Photo: dougtone via flickr
What makes a city depressing?Based on a new Gallup poll, the key factor is a secular decline in jobs. The most depressing cities are former industrial centres in upstate New York and the Rust Belt.
We identified five cities that ranked in the bottom 10 for “satisfaction with community” and “optimism about the future.”
Satisfied residents: 76.5%
Optimistic residents: 42.4%
Although Buffalo held up well during the recession, the upstate city has been losing jobs and income in the past year. Gross metropolitan production is down 2.6% from peak.
For a longer picture, note the 48% decline in manufacturing jobs from 1980 to 2005.
Satisfied residents: 76.3%
Optimistic residents: 38.9%
One of many devastated Rust Belt cities, Youngstown suffered a 11.6% drop in employment from peak, yielding a 10.4% unemployment rate. From 1980 to 2005, this city has lost 54% of manufacturing jobs.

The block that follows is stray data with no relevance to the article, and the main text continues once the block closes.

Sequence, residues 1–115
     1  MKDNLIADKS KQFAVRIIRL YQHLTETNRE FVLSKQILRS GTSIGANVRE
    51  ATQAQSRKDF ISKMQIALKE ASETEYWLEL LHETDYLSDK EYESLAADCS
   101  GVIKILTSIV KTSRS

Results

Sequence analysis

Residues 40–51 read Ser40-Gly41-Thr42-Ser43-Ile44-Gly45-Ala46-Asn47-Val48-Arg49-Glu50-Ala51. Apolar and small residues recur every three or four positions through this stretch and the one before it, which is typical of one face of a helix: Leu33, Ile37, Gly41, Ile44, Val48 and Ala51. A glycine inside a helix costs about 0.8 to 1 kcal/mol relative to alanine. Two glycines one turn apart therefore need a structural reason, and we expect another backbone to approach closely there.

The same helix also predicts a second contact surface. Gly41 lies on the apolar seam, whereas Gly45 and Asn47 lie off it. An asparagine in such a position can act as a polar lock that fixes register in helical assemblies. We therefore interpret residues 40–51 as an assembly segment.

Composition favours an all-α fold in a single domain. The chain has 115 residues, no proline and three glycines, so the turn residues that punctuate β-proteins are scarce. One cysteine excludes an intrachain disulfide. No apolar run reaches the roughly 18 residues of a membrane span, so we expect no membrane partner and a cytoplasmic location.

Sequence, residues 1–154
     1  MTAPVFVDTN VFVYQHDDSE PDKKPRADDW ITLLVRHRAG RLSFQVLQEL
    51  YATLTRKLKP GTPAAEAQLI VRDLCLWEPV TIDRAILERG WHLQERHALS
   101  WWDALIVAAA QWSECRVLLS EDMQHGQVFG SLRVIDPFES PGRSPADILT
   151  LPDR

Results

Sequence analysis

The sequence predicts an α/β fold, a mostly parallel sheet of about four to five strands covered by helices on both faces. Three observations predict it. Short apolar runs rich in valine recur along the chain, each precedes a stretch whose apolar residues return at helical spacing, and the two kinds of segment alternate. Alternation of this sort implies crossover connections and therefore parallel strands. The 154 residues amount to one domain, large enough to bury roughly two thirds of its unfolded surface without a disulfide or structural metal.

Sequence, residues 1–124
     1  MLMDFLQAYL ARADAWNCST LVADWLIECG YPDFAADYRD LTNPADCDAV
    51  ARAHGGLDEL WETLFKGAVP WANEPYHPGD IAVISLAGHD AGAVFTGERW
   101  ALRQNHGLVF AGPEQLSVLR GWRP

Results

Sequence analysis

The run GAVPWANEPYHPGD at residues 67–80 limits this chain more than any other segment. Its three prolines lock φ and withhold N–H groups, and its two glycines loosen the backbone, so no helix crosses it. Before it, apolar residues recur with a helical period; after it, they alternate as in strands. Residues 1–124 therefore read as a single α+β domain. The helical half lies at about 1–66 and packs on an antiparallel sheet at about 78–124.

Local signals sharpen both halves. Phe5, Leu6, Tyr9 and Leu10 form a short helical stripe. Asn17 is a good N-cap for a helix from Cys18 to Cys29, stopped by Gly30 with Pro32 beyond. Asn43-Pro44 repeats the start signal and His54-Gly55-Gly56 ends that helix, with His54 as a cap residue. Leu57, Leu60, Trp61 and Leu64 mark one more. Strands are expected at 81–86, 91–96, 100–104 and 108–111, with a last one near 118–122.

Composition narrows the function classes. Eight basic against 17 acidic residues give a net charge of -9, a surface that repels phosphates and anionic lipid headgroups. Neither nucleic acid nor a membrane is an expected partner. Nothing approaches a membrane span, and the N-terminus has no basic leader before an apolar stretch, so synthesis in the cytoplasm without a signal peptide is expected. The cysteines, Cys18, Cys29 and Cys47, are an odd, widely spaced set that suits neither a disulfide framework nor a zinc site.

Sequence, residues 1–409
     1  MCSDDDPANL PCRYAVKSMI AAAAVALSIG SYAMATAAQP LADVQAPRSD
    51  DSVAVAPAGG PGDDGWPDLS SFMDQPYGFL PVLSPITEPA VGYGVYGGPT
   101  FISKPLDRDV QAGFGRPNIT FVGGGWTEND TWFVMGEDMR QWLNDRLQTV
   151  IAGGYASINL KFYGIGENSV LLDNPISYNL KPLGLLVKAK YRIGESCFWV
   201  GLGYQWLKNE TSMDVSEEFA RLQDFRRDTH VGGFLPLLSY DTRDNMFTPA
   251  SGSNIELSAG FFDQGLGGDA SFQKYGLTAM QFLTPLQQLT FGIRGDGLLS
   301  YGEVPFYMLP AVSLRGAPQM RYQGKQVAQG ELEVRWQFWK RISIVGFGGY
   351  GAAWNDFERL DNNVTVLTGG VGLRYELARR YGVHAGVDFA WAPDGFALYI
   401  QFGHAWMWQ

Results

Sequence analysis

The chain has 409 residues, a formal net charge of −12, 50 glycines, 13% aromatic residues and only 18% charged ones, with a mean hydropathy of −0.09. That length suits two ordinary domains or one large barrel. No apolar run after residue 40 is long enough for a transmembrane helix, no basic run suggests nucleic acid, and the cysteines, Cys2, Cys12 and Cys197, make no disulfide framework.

Personal income is more than $8,000 below average.
Satisfied residents: 77.3%
Optimistic residents: 37.7%
Auto-capital Flint has been forced to tear town thousands of abandoned homes to reduce crime and city services, as has nearby Detroit. The home of GM had already lost 67% of manufacturing jobs between 1980 and 2005.
Unemployment is an alarming 12.5%, while yearly personal income is around $11,000 below average.
Satisfied residents: 75.9%
Optimistic residents: 35.2%
Another Rust Belt city, Toledo employment is down 12.4% from peak. Home prices are down 23% from peak. Meanwhile, obesity is 3.6% above average.
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